The fabrication and testing of microfluidic spinning compact discs with embedded trapezoidal microchambers for the purpose of inertial microparticle focusing is reported in this article. Microparticle focusing channels require small features that cannot be easily fabricated in acrylic sheets and are complicated to realize in glass by traditional lithography techniques; therefore, the fabrication of microfluidic discs with femtosecond laser ablation is reported for the first time in this paper. It could be demonstrated that high-efficiency inertial focusing of 5 and 10 µm particles is achieved in a channel with trapezoidal microchambers regardless of the direction of disc rotation, which correlates to the dominance of inertial forces over Coriolis forces. To achieve the highest throughput possible, the suspension concentration was increased from 0.001% (w/v) to 0.005% (w/v). The focusing efficiency was 98.7% for the 10 µm particles and 93.75% for the 5 µm particles. Full article
(This article belongs to the Special Issue Inertial Microfluidics)
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Review

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Review
Transport of Non-Spherical Particles in Square Microchannel Flows: A Review
Micromachines 2021, 12(3), 277; https://doi.org/10.3390/mi12030277 - 07 Mar 2021
Cited by 1 | Viewed by 683
Abstract
Understanding the behavior of a single particle flowing in a microchannel is a necessary step in designing and optimizing efficient microfluidic devices for the separation, concentration, counting, detecting, sorting, or mixing of particles in suspension. Although the inertial migration of spherical particles has [...] Read more.
Understanding the behavior of a single particle flowing in a microchannel is a necessary step in designing and optimizing efficient microfluidic devices for the separation, concentration, counting, detecting, sorting, or mixing of particles in suspension. Although the inertial migration of spherical particles has been deeply investigated in the last two decades, most of the targeted applications involve shaped particles whose behavior in microflows is still far from being completely understood. While traveling in a channel, a particle both rotates and translates: it translates in the streamwise direction driven by the fluid flow but also in the cross-section perpendicular to the streamwise direction due to inertial effects. In addition, particles’ rotation and translation motions are coupled. Most of the existing works investigating the transport of particles in microchannels decouple their rotational and lateral migration behaviors: particle rotation is mainly studied in simple shear flows, whereas lateral migration is neglected, and studies on lateral migration mostly focus on spherical particles whose rotational behavior is simple. The aim of this review is to provide a summary of the different works existing in the literature on the inertial migration and the rotational behavior of non-spherical particles with a focus and discussion on the remaining scientific challenges in this field. Full article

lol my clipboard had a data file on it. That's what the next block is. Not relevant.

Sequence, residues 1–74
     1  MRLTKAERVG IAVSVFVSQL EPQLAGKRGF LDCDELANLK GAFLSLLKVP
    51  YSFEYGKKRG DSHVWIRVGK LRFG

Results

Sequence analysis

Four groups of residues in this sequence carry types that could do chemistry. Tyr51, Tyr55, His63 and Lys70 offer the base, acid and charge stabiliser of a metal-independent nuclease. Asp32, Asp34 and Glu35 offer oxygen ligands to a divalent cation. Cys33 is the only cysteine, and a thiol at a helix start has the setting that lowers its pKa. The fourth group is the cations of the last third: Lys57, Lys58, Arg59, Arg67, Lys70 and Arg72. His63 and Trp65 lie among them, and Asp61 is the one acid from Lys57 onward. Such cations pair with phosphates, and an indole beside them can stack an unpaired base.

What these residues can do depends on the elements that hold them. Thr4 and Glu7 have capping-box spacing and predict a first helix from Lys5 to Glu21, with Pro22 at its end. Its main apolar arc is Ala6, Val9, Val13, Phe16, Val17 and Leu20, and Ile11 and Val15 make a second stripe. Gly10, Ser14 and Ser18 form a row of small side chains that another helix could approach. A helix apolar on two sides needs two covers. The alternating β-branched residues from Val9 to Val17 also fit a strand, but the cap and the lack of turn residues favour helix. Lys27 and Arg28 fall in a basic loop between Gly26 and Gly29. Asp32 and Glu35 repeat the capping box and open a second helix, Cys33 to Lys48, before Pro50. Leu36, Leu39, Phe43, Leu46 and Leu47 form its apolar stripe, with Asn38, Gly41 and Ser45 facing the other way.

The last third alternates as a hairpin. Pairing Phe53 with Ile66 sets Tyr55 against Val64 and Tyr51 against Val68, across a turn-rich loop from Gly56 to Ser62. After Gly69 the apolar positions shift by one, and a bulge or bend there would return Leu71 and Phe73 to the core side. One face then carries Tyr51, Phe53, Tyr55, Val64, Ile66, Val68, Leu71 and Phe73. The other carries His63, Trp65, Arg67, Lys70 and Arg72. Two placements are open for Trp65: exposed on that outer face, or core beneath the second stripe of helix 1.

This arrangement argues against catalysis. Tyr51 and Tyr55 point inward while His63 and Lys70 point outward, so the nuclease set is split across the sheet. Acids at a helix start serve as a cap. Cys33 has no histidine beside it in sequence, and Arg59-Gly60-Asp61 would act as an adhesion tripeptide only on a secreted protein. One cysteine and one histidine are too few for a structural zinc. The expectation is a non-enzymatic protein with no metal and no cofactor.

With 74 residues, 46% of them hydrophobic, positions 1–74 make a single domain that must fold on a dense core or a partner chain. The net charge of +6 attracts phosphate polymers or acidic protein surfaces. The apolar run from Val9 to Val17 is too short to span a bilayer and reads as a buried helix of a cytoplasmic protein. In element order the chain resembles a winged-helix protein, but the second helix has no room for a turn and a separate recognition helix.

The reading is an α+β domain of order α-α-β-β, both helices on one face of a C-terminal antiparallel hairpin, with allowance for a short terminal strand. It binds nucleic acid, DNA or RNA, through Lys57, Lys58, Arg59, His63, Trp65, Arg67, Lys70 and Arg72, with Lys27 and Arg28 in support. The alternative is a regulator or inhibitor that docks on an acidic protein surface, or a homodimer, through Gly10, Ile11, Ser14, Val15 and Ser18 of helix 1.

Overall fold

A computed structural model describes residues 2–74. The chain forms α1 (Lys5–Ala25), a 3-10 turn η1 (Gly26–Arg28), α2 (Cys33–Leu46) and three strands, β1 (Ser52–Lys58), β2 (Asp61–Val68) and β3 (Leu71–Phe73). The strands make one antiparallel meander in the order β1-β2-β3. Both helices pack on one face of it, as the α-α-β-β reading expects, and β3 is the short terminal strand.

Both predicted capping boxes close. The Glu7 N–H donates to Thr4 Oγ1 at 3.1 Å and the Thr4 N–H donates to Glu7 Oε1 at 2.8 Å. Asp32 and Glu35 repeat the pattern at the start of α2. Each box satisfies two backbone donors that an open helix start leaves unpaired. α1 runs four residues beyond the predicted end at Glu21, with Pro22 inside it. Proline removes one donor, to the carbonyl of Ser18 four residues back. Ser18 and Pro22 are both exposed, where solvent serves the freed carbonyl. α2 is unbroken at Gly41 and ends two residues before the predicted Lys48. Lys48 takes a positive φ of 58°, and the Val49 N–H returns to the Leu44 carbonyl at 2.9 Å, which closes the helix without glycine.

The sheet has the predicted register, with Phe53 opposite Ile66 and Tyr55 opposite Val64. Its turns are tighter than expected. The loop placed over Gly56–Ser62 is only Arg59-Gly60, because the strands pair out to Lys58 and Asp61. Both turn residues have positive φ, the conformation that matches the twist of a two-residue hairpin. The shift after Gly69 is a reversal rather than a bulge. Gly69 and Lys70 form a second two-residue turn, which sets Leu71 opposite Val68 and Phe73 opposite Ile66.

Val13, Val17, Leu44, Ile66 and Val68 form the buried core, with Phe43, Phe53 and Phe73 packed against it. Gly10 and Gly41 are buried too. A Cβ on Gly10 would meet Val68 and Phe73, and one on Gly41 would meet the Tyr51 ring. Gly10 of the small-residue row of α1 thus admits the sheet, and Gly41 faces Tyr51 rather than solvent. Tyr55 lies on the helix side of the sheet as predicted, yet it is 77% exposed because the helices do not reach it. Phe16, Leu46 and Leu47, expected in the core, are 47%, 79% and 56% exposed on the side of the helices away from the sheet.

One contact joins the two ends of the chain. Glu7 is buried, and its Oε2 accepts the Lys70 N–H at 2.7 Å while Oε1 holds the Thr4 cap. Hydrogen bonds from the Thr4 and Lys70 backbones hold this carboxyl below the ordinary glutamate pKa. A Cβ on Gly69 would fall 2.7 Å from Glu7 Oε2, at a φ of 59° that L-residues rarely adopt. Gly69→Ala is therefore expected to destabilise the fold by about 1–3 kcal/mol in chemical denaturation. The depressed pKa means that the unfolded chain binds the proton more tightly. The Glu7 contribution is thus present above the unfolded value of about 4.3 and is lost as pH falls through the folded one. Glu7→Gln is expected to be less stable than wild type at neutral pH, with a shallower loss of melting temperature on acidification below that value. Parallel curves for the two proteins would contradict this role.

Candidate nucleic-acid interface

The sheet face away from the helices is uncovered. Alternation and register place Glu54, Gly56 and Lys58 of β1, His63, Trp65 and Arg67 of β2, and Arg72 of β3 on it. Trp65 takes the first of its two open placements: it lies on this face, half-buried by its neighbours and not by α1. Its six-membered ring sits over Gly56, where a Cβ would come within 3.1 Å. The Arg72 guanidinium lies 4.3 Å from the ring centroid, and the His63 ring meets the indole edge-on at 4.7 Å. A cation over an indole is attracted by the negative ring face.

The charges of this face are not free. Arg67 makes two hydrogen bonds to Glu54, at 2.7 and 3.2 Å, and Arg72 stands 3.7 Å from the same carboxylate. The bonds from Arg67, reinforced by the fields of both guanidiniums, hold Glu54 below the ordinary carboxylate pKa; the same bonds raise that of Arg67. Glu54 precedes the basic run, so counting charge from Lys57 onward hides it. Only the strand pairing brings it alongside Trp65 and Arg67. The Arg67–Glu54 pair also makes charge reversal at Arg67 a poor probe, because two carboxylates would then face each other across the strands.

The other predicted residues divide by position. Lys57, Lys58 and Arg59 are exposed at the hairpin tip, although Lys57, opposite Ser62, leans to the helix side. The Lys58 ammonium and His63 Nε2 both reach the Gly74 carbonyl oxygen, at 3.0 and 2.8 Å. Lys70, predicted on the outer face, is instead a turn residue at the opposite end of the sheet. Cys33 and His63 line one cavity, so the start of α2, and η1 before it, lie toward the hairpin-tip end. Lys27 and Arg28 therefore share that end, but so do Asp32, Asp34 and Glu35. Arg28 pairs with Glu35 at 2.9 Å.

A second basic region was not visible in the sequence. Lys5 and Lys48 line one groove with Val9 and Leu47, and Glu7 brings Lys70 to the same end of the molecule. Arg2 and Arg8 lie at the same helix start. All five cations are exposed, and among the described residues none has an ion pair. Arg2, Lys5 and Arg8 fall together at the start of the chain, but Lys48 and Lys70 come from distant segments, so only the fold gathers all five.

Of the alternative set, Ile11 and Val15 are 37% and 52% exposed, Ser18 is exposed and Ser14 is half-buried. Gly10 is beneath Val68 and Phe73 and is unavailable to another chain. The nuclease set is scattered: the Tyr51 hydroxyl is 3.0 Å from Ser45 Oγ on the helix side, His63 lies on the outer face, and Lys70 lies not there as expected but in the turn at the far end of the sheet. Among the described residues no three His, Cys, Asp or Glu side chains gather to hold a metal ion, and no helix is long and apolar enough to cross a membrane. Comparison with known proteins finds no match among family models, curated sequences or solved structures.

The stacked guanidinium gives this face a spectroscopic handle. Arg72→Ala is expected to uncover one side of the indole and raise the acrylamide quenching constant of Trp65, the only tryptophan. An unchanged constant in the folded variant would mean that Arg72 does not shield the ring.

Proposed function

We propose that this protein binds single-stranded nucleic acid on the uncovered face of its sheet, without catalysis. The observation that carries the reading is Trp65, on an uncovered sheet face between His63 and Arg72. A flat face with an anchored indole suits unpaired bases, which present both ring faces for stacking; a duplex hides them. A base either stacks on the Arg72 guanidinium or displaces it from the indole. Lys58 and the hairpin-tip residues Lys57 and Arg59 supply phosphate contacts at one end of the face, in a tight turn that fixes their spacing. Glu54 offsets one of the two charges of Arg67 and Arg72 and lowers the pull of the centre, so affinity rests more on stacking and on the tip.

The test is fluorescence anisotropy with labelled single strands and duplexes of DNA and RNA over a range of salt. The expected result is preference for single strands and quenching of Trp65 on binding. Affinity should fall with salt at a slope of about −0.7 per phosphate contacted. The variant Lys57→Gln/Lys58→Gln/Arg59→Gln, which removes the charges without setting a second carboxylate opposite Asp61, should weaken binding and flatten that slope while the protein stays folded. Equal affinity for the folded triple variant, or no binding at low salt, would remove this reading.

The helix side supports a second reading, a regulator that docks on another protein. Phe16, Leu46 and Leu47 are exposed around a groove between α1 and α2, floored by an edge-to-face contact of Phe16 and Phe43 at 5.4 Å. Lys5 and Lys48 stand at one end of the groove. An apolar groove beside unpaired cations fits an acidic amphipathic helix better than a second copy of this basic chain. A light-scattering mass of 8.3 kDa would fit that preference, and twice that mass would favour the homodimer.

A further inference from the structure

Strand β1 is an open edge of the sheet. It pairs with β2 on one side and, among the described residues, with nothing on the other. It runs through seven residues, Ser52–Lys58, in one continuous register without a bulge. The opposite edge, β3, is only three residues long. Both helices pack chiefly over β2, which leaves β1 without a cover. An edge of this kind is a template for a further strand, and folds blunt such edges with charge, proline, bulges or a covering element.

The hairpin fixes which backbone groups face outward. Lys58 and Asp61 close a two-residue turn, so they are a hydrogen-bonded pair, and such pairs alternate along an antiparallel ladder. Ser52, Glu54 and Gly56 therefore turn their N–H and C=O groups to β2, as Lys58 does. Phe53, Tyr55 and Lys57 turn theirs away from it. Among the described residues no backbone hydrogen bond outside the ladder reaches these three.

(This article belongs to the Special Issue Inertial Microfluidics)
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Review
Inertial Microfluidics Enabling Clinical Research
Micromachines 2021, 12(3), 257; https://doi.org/10.3390/mi12030257 - 03 Mar 2021
Cited by 2 | Viewed by 1155
Abstract
Fast and accurate interrogation of complex samples containing diseased cells or pathogens is important to make informed decisions on clinical and public health issues. Inertial microfluidics has been increasingly employed for such investigations to isolate target bioparticles from liquid samples with size and/or [...] Read more.
Fast and accurate interrogation of complex samples containing diseased cells or pathogens is important to make informed decisions on clinical and public health issues. Inertial microfluidics has been increasingly employed for such investigations to isolate target bioparticles from liquid samples with size and/or deformability-based manipulation. This phenomenon is especially useful for the clinic, owing to its rapid, label-free nature of target enrichment that enables further downstream assays. Inertial microfluidics leverages the principle of inertial focusing, which relies on the balance of inertial and viscous forces on particles to align them into size-dependent laminar streamlines. Several distinct microfluidic channel geometries (e.g., straight, curved, spiral, contraction-expansion array) have been optimized to achieve inertial focusing for a variety of purposes, including particle purification and enrichment, solution exchange, and particle alignment for on-chip assays. In this review, we will discuss how inertial microfluidics technology has contributed to improving accuracy of various assays to provide clinically relevant information. This comprehensive review expands upon studies examining both endogenous and exogenous targets from real-world samples, highlights notable hybrid devices with dual functions, and comments on the evolving outlook of the field. Full article
(This article belongs to the Special Issue Inertial Microfluidics)